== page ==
OBJECTIVE - To examine changes in white blood cell (WBC) count after cesarean and estimate risk of postoperative infection.
METHODS - We measured complete blood cell counts at admission and on postoperative day 1 for 458 women who had cesareans. Information from charts was abstracted, and definitions of infectious outcomes and fever were applied by three physicians masked to laboratory results. We examined changes in absolute and relative WBC counts by labor status. Likelihood ratios for postoperative infection were calculated for statistically distinct categories of percentage changes.
RESULTS - We excluded 60 women with chorioamnionitis. Of the remainder, 34 (8.5%) developed endometritis and three (0.8%) pneumonia. Women who labored before cesarean (n = 198) had higher antepartum (P <.001) and postoperative day 1 (P <.001) WBC counts than those who did not (n = 200). However, change in WBC count after cesarean relative to antepartum was similar for both groups (P =.41), averaging a 22% increase. We grouped percentage changes into the following three levels: up to 24%, 25-99%, and at least 100%. The lowest level (n = 246) corresponded to a category-specific likelihood ratio for diagnosis of serious postpartum infection of 0. 5 (95% confidence interval [CI] 0.3, 0.8), the midlevel (n = 141) to a category-specific likelihood ratio of 1.7 (95% CI 1.2, 2.3), and the highest level (n = 11) to a category-specific likelihood ratio of 5.8 (95% CI 1.8, 18.7).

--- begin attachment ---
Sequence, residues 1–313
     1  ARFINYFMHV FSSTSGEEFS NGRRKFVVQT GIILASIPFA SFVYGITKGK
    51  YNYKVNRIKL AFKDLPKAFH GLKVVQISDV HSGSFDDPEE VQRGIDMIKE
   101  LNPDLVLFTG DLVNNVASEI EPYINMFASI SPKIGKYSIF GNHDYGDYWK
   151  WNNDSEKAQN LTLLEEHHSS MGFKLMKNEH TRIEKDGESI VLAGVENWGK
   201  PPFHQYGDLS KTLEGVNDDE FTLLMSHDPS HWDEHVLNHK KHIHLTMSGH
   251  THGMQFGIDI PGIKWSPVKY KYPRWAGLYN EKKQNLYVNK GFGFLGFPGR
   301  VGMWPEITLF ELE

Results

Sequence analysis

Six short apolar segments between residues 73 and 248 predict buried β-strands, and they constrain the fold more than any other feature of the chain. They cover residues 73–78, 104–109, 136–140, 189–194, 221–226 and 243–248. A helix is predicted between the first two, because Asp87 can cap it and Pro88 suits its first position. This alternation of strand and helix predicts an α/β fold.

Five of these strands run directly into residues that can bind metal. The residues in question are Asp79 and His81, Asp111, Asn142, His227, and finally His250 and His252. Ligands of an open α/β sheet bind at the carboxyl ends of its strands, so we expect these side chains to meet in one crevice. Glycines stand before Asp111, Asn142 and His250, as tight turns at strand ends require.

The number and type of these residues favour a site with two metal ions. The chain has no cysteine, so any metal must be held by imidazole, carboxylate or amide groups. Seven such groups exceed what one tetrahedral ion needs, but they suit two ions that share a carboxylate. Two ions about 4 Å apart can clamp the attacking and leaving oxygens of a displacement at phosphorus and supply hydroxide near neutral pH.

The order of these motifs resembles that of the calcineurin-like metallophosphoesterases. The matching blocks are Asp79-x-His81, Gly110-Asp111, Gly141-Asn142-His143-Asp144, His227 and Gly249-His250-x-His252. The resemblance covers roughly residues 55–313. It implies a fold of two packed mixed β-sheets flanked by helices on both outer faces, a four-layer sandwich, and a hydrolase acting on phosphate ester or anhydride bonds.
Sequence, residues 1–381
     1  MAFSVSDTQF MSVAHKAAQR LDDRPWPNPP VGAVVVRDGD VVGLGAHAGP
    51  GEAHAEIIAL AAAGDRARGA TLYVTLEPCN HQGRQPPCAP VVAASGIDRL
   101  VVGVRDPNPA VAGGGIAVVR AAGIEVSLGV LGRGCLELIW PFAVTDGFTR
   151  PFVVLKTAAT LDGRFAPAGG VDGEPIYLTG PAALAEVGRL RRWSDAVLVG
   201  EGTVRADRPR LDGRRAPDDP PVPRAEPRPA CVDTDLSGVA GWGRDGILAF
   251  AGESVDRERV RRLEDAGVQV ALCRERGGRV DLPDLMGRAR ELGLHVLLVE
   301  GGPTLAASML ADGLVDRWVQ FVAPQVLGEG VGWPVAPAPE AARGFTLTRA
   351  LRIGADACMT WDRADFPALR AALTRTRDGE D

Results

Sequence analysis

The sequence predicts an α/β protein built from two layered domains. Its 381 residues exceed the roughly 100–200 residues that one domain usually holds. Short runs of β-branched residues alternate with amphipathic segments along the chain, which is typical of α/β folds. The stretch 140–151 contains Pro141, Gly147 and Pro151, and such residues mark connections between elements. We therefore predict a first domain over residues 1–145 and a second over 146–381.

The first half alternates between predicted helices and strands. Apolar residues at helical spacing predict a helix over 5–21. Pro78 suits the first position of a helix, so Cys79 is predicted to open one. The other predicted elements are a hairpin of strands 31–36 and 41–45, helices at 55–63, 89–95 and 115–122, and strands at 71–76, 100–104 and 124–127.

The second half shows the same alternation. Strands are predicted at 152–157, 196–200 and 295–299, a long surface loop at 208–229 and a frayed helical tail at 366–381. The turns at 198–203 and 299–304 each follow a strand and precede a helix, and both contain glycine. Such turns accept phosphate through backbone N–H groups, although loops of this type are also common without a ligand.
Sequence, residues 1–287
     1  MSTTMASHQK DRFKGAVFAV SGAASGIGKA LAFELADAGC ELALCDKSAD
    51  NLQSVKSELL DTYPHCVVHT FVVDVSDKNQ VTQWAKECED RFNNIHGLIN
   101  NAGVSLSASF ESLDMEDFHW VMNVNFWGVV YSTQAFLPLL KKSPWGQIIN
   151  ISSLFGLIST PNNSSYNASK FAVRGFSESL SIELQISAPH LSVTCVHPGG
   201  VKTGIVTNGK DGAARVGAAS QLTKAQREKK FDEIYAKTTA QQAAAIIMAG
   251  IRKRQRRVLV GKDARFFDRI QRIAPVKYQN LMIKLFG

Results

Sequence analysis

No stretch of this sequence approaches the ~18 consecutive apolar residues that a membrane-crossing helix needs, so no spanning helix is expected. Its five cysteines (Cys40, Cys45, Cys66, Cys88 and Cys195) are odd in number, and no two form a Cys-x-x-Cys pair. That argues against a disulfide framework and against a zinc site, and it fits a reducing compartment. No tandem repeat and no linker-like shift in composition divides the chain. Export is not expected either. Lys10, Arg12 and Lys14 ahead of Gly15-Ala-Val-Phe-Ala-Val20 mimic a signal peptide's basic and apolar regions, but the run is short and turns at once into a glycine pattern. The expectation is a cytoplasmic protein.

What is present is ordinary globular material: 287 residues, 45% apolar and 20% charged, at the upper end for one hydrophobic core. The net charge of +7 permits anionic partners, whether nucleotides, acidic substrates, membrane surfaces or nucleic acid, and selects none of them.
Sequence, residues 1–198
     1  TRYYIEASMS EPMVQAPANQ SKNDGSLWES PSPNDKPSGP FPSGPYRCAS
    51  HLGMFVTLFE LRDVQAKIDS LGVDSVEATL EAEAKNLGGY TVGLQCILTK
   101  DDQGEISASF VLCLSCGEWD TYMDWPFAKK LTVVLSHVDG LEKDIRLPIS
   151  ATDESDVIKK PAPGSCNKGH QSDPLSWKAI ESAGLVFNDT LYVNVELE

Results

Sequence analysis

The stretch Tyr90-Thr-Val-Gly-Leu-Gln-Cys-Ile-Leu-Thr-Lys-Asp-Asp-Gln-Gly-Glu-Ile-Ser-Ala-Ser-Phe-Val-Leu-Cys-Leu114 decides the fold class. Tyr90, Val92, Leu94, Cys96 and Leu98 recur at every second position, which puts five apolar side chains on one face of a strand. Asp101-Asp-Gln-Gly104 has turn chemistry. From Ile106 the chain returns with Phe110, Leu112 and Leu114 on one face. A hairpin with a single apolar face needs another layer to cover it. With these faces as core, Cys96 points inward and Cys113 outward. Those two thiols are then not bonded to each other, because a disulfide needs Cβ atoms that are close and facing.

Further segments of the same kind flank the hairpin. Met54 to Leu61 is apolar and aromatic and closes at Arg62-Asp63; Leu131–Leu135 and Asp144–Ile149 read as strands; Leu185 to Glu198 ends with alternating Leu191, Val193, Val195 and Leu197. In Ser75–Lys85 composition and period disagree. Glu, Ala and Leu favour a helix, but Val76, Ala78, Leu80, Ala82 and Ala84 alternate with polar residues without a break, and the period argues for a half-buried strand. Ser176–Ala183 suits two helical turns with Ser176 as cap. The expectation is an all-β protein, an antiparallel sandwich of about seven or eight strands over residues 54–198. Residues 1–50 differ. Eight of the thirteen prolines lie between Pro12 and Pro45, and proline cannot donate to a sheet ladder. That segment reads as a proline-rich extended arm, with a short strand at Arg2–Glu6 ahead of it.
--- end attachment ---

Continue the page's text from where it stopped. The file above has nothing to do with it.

CONCLUSION - Labor influenced postcesarean WBC counts but did not obscure changes associated with infection. Information gained from changes in WBC counts can be used to assess risk of infection.